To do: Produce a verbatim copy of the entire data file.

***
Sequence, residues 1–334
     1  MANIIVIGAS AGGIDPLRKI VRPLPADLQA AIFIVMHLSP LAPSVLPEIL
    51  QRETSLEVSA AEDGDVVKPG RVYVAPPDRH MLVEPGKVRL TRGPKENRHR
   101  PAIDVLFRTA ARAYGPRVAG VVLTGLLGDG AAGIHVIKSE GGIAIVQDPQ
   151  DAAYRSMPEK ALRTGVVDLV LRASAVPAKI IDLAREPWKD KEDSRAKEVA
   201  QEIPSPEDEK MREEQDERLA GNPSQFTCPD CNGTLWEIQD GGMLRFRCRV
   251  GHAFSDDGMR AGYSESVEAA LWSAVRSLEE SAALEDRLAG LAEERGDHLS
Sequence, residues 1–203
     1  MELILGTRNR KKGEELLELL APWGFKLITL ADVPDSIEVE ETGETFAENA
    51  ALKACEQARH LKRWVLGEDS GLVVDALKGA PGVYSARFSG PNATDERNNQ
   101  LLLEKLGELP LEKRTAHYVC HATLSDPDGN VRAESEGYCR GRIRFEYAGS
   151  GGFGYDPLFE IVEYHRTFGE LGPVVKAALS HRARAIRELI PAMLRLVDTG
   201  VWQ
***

Sequence, residues 1–334
     1  MANIIVIGAS AGGIDPLRKI VRPLPADLQA AIFIVMHLSP LAPSVLPEIL
    51  QRETSLEVSA AEDGDVVKPG RVYVAPPDRH MLVEPGKVRL TRGPKENRHR
   101  PAIDVLFRTA ARAYGPRVAG VVLTGLLGDG AAGIHVIKSE GGIAIVQDPQ
   151  DAAYRSMPEK ALRTGVVDLV LRASAVPAKI IDLAREPWKD KEDSRAKEVA
   201  QEIPSPEDEK MREEQDERLA GNPSQFTCPD CNGTLWEIQD GGMLRFRCRV
   251  GHAFSDDGMR AGYSESVEAA LWSAVRSLEE SAALEDRLAG LAEERGDHLS
Sequence, residues 1–203
     1  MELILGTRNR KKGEELLELL APWGFKLITL ADVPDSIEVE ETGETFAENA
    51  ALKACEQARH LKRWVLGEDS GLVVDALKGA PGVYSARFSG PNATDERNNQ
   101  LLLEKLGELP LEKRTAHYVC HATLSDPDGN VRAESEGYCR GRIRFEYAGS
   151  GGFGYDPLFE IVEYHRTFGE LGPVVKAALS HRARAIRELI PAMLRLVDTG
   201  VWQ